It may be hard for some to pick the lowest moment in M. Night Shyamalan’s career. After all, this is a man who made Marky Mark run from the wind in a movie where plants are the baddies and let Will Smith commit a linguistic hate crime with his accent in After Earth. Yet nothing screams “Tell me I’m a special boy and love me” so much as the time Shyamalan created a character in The Lady in the Water who was a film critic and repugnant douche-nozzle, killed him brutally and then also cast himself as a writer who saves the world with the power of his words.

As much as you’d like to, you can’t talk about Shyamalan’s work without talking about Shyamalan’s person. That’s on him. His early insistence on proclaiming himself an auteur before his filmography fully supported it, his continued demands that his name get pre-title billing and his hyperbolic self-praise in interviews prevent a truly objective review of his artistic output independent of his persona. Thus, his latest, Split, is destined to be judged only in context. Happily, it marks a welcomed return to the slightly silly, quasi-preposterous pop entertainment he targeted before wishing his name into a franchisable brand.

In Split, James McAvoy plays a man with dissociative identity disorder, commonly referred to as “multiple personalities.” Some of those personalities are bad and orchestrate the kidnapping of three girls. One of those girls, Casey (Anya Taylor-Joy), is particularly resilient, owing to previous and ongoing icky trauma. Because this is Shyamalan, he gets science-fiction all up in his science, as McAvoy’s character undergoes different physical changes with each identity, ranging from health problems (like diabetes) to health boons (like being a nigh-invulnerable, muscled, ceiling-climbing cannibal). The bulk of the running time is a simple “can the captives escape” thriller, punctuated with some nice claustrophobic suspense.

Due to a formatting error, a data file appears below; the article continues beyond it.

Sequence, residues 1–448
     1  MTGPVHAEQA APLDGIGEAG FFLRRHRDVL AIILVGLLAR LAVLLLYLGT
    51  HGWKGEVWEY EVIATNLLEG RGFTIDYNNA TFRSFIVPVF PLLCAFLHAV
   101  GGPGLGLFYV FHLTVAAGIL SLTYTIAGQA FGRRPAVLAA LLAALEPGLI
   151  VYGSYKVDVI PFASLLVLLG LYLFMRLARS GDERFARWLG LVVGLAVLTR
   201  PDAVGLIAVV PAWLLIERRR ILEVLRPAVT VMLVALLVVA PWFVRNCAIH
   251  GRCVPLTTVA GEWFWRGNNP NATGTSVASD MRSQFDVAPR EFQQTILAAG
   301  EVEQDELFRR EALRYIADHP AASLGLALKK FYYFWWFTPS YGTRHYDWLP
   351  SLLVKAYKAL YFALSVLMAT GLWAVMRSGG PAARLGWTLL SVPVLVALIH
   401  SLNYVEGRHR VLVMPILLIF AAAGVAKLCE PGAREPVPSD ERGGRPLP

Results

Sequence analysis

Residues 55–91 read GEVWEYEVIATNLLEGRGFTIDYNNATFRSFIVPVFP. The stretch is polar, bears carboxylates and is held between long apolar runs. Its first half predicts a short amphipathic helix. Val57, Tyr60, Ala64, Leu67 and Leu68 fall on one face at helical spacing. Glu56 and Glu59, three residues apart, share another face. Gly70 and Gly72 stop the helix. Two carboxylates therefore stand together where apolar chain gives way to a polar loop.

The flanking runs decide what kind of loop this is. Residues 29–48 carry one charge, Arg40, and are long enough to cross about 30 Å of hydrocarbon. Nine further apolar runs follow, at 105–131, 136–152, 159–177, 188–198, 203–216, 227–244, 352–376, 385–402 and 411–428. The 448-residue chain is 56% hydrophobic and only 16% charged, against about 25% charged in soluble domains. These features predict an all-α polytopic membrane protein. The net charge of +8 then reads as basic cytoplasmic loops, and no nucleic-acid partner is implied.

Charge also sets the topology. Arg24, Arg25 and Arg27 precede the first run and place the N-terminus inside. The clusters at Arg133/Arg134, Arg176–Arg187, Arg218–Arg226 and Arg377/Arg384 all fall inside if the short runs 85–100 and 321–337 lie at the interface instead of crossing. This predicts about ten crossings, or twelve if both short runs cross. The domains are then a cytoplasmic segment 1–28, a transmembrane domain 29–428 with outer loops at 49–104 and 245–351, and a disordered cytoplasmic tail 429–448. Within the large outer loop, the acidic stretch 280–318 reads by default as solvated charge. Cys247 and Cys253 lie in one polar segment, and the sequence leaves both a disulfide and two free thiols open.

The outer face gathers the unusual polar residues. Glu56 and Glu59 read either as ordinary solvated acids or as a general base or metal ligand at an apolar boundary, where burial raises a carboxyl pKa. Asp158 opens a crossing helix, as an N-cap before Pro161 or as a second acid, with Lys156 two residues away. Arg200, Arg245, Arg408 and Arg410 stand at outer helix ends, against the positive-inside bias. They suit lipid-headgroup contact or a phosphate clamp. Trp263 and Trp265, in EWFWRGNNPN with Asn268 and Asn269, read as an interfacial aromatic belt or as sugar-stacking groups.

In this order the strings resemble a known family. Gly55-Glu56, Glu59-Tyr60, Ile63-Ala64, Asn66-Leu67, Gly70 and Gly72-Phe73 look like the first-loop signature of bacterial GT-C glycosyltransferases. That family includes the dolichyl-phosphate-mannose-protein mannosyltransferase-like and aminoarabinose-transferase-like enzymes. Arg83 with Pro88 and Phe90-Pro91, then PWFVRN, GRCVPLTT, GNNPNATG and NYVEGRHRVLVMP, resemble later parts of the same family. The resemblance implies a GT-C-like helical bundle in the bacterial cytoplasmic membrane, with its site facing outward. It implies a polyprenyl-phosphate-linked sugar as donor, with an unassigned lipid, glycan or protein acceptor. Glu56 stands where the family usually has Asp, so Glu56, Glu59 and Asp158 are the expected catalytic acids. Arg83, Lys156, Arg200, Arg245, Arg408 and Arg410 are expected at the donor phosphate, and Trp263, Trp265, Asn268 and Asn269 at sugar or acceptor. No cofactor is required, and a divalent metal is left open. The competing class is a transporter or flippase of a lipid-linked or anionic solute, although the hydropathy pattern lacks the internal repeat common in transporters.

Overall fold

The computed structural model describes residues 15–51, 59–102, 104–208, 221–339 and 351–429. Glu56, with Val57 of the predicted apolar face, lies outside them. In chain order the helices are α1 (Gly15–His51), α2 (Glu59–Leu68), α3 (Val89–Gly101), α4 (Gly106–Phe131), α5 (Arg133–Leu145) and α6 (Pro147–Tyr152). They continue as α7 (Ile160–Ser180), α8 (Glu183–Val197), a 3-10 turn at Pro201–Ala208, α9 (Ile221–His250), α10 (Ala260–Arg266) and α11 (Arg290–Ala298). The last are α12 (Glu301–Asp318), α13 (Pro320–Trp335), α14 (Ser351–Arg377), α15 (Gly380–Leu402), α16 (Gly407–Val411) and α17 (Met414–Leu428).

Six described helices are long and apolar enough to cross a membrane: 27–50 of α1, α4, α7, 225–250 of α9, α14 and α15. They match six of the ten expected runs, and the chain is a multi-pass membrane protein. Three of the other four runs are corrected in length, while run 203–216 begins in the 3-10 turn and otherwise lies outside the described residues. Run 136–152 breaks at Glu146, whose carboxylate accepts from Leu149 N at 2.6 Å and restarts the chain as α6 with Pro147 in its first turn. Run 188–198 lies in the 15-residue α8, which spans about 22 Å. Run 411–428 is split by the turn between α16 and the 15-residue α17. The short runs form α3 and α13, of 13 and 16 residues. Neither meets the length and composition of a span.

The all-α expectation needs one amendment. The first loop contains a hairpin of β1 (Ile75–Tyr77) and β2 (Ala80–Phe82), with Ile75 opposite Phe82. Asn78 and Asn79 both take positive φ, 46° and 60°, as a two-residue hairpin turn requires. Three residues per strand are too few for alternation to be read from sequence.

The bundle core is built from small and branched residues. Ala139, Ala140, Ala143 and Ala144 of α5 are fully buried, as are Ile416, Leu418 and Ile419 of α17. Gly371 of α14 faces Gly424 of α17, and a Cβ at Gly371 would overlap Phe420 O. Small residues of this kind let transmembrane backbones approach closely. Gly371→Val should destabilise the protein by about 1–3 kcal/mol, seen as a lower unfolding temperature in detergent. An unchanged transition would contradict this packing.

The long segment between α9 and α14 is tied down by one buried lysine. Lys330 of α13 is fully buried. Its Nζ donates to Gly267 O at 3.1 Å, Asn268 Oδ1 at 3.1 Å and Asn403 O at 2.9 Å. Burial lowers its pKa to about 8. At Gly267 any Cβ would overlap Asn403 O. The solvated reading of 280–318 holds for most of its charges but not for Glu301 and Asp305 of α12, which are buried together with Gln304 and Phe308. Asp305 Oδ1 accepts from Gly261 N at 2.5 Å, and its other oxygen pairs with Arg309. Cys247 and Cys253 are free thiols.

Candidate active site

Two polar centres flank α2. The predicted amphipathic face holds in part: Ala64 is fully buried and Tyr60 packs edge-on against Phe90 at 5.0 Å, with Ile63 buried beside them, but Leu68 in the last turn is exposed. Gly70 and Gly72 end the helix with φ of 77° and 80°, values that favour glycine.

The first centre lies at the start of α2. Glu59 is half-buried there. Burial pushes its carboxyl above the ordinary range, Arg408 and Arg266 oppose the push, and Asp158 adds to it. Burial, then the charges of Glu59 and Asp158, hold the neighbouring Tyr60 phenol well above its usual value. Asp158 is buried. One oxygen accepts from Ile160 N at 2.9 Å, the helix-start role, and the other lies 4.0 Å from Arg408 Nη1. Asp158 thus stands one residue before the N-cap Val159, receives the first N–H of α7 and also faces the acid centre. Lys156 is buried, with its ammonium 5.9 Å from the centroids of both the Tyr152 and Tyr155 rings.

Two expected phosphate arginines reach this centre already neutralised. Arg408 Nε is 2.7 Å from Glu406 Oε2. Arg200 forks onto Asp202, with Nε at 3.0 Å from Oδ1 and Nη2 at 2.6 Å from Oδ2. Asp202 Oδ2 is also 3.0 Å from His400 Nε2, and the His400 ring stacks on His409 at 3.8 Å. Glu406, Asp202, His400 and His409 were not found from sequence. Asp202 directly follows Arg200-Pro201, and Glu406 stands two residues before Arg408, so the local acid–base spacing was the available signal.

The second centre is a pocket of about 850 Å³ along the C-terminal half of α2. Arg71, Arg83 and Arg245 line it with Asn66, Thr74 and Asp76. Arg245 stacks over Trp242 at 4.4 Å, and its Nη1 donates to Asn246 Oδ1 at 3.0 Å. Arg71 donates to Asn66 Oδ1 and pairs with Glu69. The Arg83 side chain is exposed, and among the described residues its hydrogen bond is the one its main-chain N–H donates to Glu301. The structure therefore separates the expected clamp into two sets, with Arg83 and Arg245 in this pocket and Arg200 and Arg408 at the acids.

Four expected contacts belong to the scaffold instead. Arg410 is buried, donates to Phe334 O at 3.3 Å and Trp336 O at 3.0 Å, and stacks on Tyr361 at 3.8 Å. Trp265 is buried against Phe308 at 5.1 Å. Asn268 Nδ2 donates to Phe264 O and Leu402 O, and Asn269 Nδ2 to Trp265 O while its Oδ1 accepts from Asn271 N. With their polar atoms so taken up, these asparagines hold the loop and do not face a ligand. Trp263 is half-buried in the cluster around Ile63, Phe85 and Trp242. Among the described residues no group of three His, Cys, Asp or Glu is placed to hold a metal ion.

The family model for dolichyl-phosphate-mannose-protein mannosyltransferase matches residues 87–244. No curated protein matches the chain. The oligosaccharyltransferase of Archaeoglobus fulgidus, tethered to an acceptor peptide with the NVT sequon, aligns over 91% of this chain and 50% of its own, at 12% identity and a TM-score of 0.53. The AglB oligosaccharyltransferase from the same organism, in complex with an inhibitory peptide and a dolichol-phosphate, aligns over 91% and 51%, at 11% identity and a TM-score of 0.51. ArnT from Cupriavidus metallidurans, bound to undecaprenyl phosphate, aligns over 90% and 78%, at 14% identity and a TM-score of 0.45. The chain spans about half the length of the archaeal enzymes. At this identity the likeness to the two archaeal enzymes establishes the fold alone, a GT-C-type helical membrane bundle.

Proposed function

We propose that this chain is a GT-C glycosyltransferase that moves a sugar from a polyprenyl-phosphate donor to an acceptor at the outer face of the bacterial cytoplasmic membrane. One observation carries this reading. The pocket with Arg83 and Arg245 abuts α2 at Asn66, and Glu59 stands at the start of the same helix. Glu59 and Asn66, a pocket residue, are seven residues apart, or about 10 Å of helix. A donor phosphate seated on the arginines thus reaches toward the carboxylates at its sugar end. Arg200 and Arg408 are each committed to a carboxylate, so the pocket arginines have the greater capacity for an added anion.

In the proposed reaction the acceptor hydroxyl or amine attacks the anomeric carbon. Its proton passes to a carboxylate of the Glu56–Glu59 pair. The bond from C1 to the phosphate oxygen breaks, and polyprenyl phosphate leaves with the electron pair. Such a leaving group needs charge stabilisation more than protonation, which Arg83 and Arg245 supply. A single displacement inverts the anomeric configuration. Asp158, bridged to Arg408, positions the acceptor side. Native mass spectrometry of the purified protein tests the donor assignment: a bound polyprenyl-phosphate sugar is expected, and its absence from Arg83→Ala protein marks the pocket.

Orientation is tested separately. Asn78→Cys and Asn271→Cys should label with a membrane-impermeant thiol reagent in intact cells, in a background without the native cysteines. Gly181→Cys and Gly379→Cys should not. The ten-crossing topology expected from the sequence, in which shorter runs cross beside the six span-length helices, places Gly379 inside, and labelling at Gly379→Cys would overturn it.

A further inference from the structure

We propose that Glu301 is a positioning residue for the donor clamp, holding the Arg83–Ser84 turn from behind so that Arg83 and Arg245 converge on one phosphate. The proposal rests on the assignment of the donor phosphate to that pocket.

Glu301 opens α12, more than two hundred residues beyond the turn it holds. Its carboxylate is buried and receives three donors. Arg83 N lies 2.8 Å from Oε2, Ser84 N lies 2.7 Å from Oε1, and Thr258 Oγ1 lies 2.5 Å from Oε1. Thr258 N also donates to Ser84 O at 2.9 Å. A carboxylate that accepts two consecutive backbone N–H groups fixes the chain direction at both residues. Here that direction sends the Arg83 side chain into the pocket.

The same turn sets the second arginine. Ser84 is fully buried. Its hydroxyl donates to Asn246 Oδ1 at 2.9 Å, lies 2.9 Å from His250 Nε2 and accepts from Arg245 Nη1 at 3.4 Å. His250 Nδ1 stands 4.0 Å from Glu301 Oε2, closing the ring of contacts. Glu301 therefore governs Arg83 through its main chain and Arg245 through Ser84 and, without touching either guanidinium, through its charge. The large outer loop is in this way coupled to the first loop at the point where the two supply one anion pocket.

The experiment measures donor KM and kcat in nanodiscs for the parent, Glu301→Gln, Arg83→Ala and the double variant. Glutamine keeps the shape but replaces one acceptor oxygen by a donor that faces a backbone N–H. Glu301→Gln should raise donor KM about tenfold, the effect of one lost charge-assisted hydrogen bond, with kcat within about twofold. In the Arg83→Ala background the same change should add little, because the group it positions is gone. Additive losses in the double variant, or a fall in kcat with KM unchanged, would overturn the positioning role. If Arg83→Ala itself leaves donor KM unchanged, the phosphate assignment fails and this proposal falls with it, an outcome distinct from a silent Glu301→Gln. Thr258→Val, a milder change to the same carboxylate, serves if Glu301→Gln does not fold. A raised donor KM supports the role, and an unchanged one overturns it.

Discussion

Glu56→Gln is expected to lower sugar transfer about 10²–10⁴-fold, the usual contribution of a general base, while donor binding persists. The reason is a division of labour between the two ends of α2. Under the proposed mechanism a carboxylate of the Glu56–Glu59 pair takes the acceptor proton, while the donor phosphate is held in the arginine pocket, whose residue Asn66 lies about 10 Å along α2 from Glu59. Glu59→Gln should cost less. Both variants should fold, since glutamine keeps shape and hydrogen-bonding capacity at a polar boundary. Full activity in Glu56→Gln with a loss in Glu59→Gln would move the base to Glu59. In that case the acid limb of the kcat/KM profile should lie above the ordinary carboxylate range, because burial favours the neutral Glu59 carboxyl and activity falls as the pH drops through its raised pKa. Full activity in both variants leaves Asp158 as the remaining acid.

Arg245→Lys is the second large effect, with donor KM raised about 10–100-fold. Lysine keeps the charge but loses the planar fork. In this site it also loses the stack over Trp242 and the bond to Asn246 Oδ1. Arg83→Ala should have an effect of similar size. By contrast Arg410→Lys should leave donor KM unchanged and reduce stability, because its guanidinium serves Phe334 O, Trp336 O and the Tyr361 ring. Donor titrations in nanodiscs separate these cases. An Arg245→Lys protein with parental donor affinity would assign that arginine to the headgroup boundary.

McAvoy is pretty damn great; he soft-shoes the narrow gap between completely laughable and B-movie sincerity. Clearly self-aware of what’s being asked of him, McAvoy never translates that to insulting the audience with a tongue-in-cheek performance. Taylor-Joy is capable but, without spoiling things, is somewhat denied the resolution her character earns. Meanwhile, Shyamalan is as restrained as he’s ever been, barely even winking-and-nodding at the audience as if to say “ain’t I clever? Well?! Ain’t I?!!”

One of the criticisms leveled against Split has been its use of a psychological condition as a villainous device. That’s often a fair criticism, but the inherent silliness of this depiction prevents it from making any salient implication about real-world mental health; it’d be like extrapolating legitimate psychiatric advice from Lucy in Peanuts. The explicitly nonsensical version of the disorder is only further distanced from reality via the “twist” ending.

Yes, he did the twist again. Thankfully, this one lands, not because of how it informs the content of the film but because of the “meta” implications that stem from it. The temptation after watching each new Shyamalan movie is to declare him either “back” or “washed up.” Split isn’t a guarantee of future greatness but is unquestionably an explicit desire to return to the type of entertainment he once promised. For a man with a single letter as a first name, it’s a good initial start.

Grade = B

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